PictureWell if nothing else can be said about this latest Saw instalment, it certainly does look good on Blu-ray. Coming with a 1080p High Definition video presentation in the movie's original theatrical aspect ratio of widescreen 1.85:1, it glistens from the outset. The detail is excellent, whether on the facial close-ups or the claustrophobic torture scenes, with no unintentional grain, no digital artefacting and no softness whatsoever. The bleached out palette, some of the more clinical or desaturated sequences all lend themselves towards a more gritty look, but this is obviously what the filmmakers intended. The colour scheme follows suit depending on the setting, with a slightly drained look to the proceedings, but for the commonplace crimson blood, and colours are presented again as intended. There's no bleeding, even in the red-dominated 'lair' of one of Jigsaw's victims, and blacks remain solid throughout, making for some excellent shadowing and superior darker sequences. Overall it is a superior video presentation for this fourth Saw film.
SoundTo accompany the movie on Blu-ray we get a decent Dolby Digital 5.1 Surround EX track as well as a superior DTS-HD 7.1 Master Audio mix. Dialogue comes presented - whether muffled moans, screams of pain, shouts or the gruff, menacing whisper of Jigsaw's recordings - clearly and coherently, predominantly from the frontal array. The effects are mostly torture-related, the whirring of cogs and gears, machinery spluttering to life, with stabbing, slashing, tearing and ripping sounds abundant on the track. Sometimes the sounds are almost the worst bit, bones breaking, flesh being torn apart, bodies being mutilated, often through self-infliction - made worse still from the realistic aural portrayal. The score is quite a low-level, brooding, atmospheric offering, which occasionally echoes some of the quieter Batman Begins moments, also injecting some frantic random loud noises into the mix. With decent enough bass to round off the proceedings and keep the LFE happy, the soundtrack is a suitably oppressive offering to accompany the horrors that unfold on-screen.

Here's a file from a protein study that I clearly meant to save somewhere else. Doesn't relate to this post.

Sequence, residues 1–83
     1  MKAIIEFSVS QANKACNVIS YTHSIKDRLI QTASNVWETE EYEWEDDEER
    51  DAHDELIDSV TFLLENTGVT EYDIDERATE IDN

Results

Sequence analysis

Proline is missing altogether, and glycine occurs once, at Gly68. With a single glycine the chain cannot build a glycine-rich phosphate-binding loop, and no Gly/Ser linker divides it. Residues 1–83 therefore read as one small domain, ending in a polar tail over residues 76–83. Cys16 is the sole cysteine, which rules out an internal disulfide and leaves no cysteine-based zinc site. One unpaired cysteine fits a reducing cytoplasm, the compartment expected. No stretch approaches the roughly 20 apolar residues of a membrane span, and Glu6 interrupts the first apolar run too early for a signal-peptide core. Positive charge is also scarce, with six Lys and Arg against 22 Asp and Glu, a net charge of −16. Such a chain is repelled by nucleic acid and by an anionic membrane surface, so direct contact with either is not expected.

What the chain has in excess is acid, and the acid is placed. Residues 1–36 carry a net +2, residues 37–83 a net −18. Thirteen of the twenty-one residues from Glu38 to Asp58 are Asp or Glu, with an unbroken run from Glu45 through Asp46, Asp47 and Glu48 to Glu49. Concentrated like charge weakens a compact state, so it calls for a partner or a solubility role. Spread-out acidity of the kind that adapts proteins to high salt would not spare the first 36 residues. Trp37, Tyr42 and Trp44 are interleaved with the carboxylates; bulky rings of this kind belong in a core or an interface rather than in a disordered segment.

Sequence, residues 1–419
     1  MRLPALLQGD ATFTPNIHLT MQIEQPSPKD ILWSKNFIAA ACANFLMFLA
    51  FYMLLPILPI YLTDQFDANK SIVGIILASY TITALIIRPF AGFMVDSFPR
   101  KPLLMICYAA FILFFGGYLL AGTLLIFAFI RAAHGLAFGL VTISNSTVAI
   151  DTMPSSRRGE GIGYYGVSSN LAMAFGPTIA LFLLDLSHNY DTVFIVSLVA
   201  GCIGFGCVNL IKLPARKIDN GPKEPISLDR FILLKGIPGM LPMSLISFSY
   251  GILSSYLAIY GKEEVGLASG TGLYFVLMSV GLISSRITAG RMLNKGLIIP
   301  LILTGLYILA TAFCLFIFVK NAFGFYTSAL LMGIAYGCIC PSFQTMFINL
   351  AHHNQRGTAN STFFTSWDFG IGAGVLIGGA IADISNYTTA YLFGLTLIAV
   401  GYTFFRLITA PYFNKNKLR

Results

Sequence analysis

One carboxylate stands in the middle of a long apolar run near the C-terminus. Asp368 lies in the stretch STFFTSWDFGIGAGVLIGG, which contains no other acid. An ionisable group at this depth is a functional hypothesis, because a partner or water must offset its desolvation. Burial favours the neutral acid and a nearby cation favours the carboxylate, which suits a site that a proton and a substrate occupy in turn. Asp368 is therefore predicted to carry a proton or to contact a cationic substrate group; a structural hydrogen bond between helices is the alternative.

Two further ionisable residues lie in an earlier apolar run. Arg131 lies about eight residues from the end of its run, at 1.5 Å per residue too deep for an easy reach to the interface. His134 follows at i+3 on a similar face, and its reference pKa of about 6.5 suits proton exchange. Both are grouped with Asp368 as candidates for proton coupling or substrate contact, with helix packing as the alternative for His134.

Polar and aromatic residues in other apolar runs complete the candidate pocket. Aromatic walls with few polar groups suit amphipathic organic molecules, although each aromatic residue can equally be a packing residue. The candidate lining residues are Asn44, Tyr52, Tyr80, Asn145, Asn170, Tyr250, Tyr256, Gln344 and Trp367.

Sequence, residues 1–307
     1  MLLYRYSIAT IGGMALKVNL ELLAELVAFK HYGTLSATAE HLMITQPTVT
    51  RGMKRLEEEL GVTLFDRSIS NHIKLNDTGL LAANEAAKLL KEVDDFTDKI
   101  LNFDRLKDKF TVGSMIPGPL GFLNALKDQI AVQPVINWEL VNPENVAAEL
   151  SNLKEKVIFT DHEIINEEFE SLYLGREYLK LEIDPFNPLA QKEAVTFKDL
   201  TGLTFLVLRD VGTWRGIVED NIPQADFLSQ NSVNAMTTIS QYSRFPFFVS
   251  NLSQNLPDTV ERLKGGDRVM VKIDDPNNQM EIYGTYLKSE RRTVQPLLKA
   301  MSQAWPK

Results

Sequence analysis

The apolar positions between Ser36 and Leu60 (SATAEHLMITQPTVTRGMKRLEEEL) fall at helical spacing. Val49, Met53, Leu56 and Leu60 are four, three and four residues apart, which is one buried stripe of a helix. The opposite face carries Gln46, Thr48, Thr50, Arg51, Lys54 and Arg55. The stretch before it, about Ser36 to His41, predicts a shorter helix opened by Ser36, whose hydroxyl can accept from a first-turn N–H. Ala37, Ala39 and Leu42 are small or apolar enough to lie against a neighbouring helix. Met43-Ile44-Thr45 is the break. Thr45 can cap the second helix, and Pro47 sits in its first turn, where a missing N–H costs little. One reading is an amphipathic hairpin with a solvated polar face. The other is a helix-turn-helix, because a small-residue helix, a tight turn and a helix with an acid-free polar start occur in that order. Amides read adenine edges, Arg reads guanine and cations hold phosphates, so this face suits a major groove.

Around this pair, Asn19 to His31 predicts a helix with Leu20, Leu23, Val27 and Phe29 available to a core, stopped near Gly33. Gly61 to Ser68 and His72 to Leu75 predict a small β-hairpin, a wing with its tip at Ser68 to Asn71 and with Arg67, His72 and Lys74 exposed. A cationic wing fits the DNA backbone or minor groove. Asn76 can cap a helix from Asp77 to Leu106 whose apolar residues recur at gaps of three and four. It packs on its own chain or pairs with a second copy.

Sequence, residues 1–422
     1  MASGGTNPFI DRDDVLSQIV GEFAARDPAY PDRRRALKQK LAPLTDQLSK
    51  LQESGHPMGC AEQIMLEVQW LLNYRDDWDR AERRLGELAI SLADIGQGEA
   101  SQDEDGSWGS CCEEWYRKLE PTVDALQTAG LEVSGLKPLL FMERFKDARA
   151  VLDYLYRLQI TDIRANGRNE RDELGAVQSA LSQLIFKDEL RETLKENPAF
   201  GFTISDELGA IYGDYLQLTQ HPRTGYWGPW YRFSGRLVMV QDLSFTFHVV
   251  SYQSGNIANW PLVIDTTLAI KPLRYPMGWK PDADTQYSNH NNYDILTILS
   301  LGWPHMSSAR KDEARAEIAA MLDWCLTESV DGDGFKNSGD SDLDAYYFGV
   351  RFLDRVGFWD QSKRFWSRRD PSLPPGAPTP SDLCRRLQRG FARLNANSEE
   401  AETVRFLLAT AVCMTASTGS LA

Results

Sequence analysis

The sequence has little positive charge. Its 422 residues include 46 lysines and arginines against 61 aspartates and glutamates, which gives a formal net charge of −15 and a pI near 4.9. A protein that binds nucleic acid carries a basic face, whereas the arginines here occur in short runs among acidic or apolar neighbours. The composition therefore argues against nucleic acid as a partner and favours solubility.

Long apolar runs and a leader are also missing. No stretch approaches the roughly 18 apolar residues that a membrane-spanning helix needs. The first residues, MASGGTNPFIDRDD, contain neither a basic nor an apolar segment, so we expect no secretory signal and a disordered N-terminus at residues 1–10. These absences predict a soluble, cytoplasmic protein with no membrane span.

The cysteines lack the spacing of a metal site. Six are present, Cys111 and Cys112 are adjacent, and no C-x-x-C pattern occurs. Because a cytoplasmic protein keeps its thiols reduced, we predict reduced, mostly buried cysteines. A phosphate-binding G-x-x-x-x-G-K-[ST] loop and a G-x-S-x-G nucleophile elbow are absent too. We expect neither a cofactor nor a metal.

ExtrasWe get two full length Audio Commentaries, the first provided by the Director Darren Lynn Bousman and the lead Lyriq Bent who offer very little insight into this production, aside from shallow comments towards the on-screen action. The Director comes across as less than enamoured by the prospect of doing another Saw film and this attitude carries throughout the track. The second Commentary is by Producers Oren Koules, Peter Block, Jason Constantine and Mark Burg, who clearly have a different take on the proceedings - not least because they hope it will make them money, and they hope that this cash cow is not quite dead yet. It's strange to hear this track in direct comparison to the other one, coming across as far more promotional but also at least a bit more lively and interesting.
Darren's Video Diary spends just over half an hour with the Director Darren Lynn Bousman, offering us fly-on-the-wall glimpses at the production from pre- to post-. Bousman pulls no punches about being unhappy about the whole affair, returning to do another Saw movie was clearly the last thing he wanted, and it is quite refreshing to have such an honest look at a movie's production, even if it does occasionally make the proceedings a little dour. The Traps of Saw is a Featurette that lasts a little more than a quarter of an hour, looking at all of the main torture/death traps that they employ within the movie. It's actually quite interesting to see how they constructed these devices, and the twisted ideas that went into them. The Props of Saw is a shorter, 8 minute Featurette, with the Props Master giving us a tour of the various weaponry brandished in the movie. There's one solitary Deleted Scene, that last just a minute long and is not even worth mentioning, as well as Music Video and a couple of Trailers.
VerdictSaw IV offers horror fans absolutely nothing new, perpetuating this popular franchise with yet more of the same. Still, if you like the Saw movies then you're not likely to be disappointed with this latest addition. On Blu-ray we get decent video and superior audio, as well as a nice selection of extras to keep you occupied. Fans will have to add this to their collection, but those who feel that the franchise has never really lived up to its first endeavour are unlikely to find anything to change that fact here.
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